Colonel Burton Andrus assumes command of Nazi-war-crimes interrogation center and holding facility on May 6, 1945.

  • By Duane Colt Denfeld, Ph.D.
  • Posted 3/31/2015
  • Essay 11046
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On May 6, 1945, U.S. Army Colonel Burton C. Andrus (1892-1977) becomes commandant of a new prison holding senior Nazi leaders facing war-crimes trials following Germany's defeat in World War II. The interrogation center and holding facility is initially located in a former hotel in Mondorf les Bains, Luxemburg. In August 1945 the prisoners will be moved to a prison in Nuremberg, Germany, adjacent to the Palace of Justice, where International Military Tribunal trials (often known as the Nuremberg trials) will begin on November 20, 1945. Andrus will command the Nuremberg prison and, following two suicides, will attempt to make the jail suicide-proof. However, security features Andrus institutes will not prevent Hermann Goering from killing himself hours before he is to be hanged. Andrus will be relieved of duty following Goering's suicide and for the rest of his life will blame himself for Goering's escape from the hangman. After retiring from the army Burton Andrus, who was born in Washington while his father served as an officer at Fort Spokane, will become a professor at the University of Puget Sound in Tacoma, fulfilling a lifelong desire to live in the Puget Sound region.

Burton Andrus

Burton C. Andrus Sr. was born at Fort Spokane while his father, Captain Frank B. Andrus (1859-1924), was an officer at the post. The family lived at Fort Spokane until 1895, when Captain Andrus received orders to Fort Sheridan in Illinois. Frank Andrus retired in 1908, with the rank of major, and settled the family in Buffalo, New York. Burton attended a Buffalo high school and graduated in 1910. He attended Buffalo University for two years and while at the university joined the Officer Reserve Corps.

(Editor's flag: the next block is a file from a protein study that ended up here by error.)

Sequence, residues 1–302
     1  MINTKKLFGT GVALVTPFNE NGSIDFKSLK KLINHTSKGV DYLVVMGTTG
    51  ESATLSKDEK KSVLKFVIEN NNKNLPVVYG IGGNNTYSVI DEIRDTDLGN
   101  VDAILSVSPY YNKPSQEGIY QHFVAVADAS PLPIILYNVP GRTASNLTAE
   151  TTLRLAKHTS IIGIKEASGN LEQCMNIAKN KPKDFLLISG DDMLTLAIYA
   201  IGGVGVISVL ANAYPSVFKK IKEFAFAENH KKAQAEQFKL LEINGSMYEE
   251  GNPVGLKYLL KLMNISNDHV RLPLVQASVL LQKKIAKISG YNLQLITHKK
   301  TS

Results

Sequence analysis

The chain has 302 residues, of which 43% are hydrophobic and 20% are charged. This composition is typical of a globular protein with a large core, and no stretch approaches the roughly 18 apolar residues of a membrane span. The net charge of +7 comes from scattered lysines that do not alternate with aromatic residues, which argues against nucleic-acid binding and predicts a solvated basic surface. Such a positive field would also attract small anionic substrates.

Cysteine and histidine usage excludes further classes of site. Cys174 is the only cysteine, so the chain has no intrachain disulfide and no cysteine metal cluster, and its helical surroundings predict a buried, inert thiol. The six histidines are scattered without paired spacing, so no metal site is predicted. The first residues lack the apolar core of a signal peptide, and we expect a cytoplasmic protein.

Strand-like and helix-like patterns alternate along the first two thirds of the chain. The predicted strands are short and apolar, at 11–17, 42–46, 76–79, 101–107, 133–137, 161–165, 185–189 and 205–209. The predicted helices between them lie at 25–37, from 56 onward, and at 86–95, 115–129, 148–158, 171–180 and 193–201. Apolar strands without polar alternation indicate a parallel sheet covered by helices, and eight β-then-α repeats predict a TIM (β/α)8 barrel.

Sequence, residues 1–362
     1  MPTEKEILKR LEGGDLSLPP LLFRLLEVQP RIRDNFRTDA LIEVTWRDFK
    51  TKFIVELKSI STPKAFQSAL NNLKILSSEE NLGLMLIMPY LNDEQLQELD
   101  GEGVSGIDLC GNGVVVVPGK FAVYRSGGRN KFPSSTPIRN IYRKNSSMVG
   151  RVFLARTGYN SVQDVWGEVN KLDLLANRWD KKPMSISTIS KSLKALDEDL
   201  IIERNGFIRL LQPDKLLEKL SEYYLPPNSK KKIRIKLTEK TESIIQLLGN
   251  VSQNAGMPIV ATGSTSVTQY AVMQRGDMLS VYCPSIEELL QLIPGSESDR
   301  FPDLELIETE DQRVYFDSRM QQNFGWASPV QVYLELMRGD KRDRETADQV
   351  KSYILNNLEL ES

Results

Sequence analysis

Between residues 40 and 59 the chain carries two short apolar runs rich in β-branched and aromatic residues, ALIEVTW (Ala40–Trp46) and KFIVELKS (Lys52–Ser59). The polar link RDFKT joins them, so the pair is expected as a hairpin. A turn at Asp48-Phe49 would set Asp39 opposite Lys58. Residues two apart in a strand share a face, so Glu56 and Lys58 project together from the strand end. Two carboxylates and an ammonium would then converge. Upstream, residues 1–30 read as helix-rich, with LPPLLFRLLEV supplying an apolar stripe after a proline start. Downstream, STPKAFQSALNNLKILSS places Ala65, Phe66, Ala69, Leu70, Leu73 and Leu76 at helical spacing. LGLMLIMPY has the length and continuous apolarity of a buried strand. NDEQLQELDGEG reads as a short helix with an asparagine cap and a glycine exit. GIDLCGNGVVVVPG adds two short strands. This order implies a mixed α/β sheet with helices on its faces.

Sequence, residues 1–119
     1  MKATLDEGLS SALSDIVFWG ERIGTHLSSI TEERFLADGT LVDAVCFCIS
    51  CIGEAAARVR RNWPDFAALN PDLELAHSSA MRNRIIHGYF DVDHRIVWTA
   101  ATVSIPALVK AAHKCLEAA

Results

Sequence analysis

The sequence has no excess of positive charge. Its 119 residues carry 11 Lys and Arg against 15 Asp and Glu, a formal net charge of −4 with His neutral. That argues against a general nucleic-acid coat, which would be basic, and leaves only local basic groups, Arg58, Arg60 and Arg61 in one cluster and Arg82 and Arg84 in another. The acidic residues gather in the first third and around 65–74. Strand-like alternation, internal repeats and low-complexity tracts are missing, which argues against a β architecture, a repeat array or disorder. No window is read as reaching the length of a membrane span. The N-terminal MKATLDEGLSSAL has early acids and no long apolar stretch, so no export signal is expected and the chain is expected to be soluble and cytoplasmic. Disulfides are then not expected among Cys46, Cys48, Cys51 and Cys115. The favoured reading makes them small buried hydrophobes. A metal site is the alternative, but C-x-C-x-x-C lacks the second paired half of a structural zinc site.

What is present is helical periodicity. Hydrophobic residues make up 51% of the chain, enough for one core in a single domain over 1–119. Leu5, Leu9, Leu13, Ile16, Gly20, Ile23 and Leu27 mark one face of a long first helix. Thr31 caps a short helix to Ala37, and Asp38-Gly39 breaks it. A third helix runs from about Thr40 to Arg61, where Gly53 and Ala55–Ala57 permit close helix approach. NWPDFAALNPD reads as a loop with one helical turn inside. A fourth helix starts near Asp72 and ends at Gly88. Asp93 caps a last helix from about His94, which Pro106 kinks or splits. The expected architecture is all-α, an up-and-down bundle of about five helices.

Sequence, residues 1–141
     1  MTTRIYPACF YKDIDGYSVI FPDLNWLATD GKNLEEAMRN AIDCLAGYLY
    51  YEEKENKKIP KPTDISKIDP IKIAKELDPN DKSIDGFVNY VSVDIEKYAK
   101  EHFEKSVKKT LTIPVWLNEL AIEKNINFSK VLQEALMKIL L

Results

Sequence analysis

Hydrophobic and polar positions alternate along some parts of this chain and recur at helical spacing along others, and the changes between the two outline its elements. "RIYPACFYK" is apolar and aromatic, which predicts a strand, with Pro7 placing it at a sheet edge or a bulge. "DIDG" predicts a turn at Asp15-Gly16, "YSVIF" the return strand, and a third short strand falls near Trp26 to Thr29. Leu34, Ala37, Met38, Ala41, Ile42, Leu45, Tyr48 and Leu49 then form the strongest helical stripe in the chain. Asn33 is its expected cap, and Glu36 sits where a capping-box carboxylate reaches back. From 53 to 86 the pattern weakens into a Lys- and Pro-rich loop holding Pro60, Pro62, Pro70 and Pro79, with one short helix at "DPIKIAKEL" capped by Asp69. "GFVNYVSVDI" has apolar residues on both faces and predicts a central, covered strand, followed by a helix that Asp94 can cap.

Andrus left college and went to work for Standard Oil as a plant manager. In April 1916 he married Katherine E. Stebbins (1891-1972), with whom he had four children. When the United States entered World War I Andrus was a second lieutenant in the Officer Reserve Corps. He was commissioned in the regular army on October 25, 1917, as a cavalry officer, but was soon running a prison.

Army Officer

In 1917 Andrus was made commander of the stockade at Fort Oglethorpe in Georgia. When he arrived the stockade was one of the worst in the army. Prisoners were in kept in illegal leg irons. An inmate kangaroo court largely ran the prison. There were frequent escapes and general disorder. As soon as he reported for duty at the stockade, Lieutenant Andrus imposed tough strict rules. He placed anyone who caused problems in solitary confinement. He issued an order that guards could shoot to kill anyone trying to escape. Soon he had restored order.

In July 1919 he was promoted to captain and sent to the Presidio of Monterey in California, where he headed security. Andrus then served in cavalry units including tours at Fort Riley in Kansas and Fort Kent in Kentucky. In 1933 he was made commander of a Civilian Conservation Corps (CCC) camp in Oregon. While commanding the CCC facility Andrus attended training at Fort Lewis in Pierce County. He loved the Puget Sound area and promised himself that he would live in the region. The Andrus family expected to make the Puget Sound area their permanent residence, but it would be 20 years before that happened.